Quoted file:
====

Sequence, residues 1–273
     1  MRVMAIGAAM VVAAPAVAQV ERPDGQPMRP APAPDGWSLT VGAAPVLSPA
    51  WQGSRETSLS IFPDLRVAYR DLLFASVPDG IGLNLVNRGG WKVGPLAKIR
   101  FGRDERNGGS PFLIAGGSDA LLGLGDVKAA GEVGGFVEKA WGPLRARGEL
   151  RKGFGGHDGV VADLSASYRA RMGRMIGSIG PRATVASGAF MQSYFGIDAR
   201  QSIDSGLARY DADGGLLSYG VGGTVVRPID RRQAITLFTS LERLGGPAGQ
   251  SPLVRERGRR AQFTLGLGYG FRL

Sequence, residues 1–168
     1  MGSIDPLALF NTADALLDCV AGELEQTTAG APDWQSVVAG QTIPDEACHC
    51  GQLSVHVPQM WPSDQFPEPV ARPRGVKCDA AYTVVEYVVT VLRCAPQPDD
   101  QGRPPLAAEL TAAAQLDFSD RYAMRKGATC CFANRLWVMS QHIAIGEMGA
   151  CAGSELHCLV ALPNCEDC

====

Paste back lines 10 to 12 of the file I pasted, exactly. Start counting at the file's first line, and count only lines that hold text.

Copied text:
    51  GQLSVHVPQM WPSDQFPEPV ARPRGVKCDA AYTVVEYVVT VLRCAPQPDD
   101  QGRPPLAAEL TAAAQLDFSD RYAMRKGATC CFANRLWVMS QHIAIGEMGA
   151  CAGSELHCLV ALPNCEDC